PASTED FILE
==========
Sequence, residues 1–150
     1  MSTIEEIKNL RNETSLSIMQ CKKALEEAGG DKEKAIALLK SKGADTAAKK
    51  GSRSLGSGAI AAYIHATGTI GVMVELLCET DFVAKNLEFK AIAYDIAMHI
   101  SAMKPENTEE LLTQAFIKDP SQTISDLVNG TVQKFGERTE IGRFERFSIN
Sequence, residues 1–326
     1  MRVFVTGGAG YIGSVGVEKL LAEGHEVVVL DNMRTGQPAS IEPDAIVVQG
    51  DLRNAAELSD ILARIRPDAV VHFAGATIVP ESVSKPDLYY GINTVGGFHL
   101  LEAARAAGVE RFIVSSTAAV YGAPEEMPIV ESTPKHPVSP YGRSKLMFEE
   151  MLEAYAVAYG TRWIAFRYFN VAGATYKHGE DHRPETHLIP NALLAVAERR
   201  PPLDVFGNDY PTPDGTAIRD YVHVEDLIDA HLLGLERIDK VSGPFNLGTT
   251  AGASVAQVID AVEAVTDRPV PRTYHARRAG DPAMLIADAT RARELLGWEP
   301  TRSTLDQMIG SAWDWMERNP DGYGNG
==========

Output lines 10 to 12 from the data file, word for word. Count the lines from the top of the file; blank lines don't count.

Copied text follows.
   201  PPLDVFGNDY PTPDGTAIRD YVHVEDLIDA HLLGLERIDK VSGPFNLGTT
   251  AGASVAQVID AVEAVTDRPV PRTYHARRAG DPAMLIADAT RARELLGWEP
   301  TRSTLDQMIG SAWDWMERNP DGYGNG